Saturday, September 28, 2013

This Blog Was Founded on Statistical Ignorance, Dammit!

The label "statistical ignorance" is the ninth-most-used label on this blog, but only two of its 46 uses are after 2009.  I long for the good old days when our posts were often smarmily pointing out numerical fallacies in baseball analysis and not just Larry B bitching about pop sportswriters who write about movies and shit. But now that I'm out of the regular job world and into the grad student life, maybe I will find some time to bring "statistical ignorance" back.  Or maybe I'll just sit back and watch Larry wage his war against The Sports Guy.  

Anyways, I somehow ended up on this article: "5 Reasons Steroids Were Never the Real Problem in Baseball", by someone named Adam Tod Brown, and read it.  The whole article isn't really very interesting; it takes some sensible and some foolish angles on steroids, but overall it's nothing new.  But there was one spectacular goof, which I had to post about:

#3. Pitcher Is the Position With the Most Performance-Enhancing-Drug Suspensions

It's also important to note that of the 43 players suspended for using performance-enhancing drugs since 2005, 15 of them were pitchers. The next closest position was outfielder with 13, but that blanket term actually covers three positions on the field (left, right, and center fielder), so even then it's not really as close as it seems.

Oh!  Thanks for pointing out that outfield is a blanket term that actually covers three positions on the field!  It's a good thing you cleared that up, Mr. Brown.  But now that you mention it, gosh, maybe pitcher is the position with the most performance-enhancing drug suspension because pitcher is the position with the most players.  

In fact, the 35% pitcher ratio of pitchers suspendees to overall suspendees is actually lower than one might expect.  I'm too lazy to figure out exactly what percentage of MLB players are pitchers, but if you figure most teams carry 11 or so pitchers out of 25 roster slots, you'd expect a roughly 44% ratio.  Now this is hardly a large sample, and who knows how many cheaters evaded the testing... but this is the kind of article that suggests Adam Tod Brown needs to be beaten with a sock full of quarters.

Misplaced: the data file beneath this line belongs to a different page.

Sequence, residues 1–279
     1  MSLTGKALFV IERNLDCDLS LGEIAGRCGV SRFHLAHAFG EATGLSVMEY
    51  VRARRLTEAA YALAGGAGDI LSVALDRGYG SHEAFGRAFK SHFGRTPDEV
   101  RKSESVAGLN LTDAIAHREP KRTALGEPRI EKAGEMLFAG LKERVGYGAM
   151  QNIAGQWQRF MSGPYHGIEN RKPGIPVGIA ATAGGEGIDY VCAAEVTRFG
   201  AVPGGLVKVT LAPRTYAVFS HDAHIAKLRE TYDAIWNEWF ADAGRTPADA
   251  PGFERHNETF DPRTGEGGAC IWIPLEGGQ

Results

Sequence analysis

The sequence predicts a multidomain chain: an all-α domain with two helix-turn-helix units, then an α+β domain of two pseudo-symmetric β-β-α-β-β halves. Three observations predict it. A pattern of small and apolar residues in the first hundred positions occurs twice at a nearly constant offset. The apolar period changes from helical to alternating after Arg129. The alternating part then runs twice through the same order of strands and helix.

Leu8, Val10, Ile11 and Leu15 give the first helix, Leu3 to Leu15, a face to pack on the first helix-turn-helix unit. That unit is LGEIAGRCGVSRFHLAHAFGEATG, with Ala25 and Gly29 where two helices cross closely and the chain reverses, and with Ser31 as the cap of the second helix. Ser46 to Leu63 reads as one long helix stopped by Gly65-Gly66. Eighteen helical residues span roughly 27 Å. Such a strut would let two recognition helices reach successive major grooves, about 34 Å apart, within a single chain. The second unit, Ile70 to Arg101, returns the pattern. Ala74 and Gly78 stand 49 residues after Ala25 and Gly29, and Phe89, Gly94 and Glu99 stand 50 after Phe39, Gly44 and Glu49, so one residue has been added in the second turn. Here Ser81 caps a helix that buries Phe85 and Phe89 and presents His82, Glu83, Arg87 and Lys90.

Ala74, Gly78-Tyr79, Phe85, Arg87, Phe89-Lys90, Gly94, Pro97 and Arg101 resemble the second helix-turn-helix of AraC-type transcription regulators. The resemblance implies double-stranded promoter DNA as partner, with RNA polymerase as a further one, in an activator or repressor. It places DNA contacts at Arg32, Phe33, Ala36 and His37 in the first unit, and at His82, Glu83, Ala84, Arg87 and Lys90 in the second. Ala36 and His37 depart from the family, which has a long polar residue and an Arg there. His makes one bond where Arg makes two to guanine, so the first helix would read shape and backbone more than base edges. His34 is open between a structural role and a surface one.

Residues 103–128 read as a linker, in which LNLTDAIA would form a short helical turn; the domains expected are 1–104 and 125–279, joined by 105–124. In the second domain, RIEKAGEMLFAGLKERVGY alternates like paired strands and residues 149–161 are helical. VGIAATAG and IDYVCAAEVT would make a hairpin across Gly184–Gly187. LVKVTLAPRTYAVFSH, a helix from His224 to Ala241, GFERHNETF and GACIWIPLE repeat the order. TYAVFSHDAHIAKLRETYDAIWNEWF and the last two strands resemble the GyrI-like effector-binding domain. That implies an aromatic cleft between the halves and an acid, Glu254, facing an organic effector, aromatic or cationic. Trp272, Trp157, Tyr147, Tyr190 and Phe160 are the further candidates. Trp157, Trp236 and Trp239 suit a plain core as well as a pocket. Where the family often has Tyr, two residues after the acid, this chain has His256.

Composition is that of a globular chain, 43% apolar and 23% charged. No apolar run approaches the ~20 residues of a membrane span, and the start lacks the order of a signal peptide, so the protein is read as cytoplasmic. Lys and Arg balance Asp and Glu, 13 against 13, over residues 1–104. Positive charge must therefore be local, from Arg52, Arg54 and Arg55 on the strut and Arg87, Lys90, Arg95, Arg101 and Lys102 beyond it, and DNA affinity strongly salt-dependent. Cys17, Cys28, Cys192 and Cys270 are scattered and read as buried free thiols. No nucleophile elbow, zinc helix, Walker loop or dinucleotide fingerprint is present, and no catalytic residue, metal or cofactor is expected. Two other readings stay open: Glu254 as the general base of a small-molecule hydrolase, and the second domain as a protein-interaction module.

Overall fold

Bronco Billy B said...

So why is the blog called Fire Jay Mariotti and not Superfluities of Statistics?

Anonymous said...

Dagnamit! I long fer the good ol' days when us bloggers wuz bloggin' about writers who was writin' about how they longed fer the good ol' days before these new-fangled statistics came along! Why, bloggers these days are bloggin' into Sampod Galaxy Droids and these new fangled "Tablit" computers right out in the broad daylight and Moneyball is some slick Hollywood movie starring a golden haired glory boy!! In my day all the best bloggin' wuz about WAR and VORP done from a Hot Pocket stained keyboard down in dear ol' ma's deep-dark basement and that's the way we liked it! Now get outta my basement!

Chris W said...

I love how someone can write a "5 reasons steroids were never the problem in baseball" and not even hint at a knowledge of the fact that most of the inflated power numbers of the late-90's and early-2000's came not from steroids but from the same sorts of things that inflate or deflate power numbers throughout history (i.e. ball composition, strike zone, park effects)

Probably because Cracked has become a garbage website lately

Chris W said...

Also, Pitcher as a position for the purposes of the Cracked article means "Non-hitters" and thus pitchers account for a lot FEWER steroids incriminations than "hitters" do

pnoles said...

dan-bob making the rest of us mastheaders look downright lazy....thanks a lot.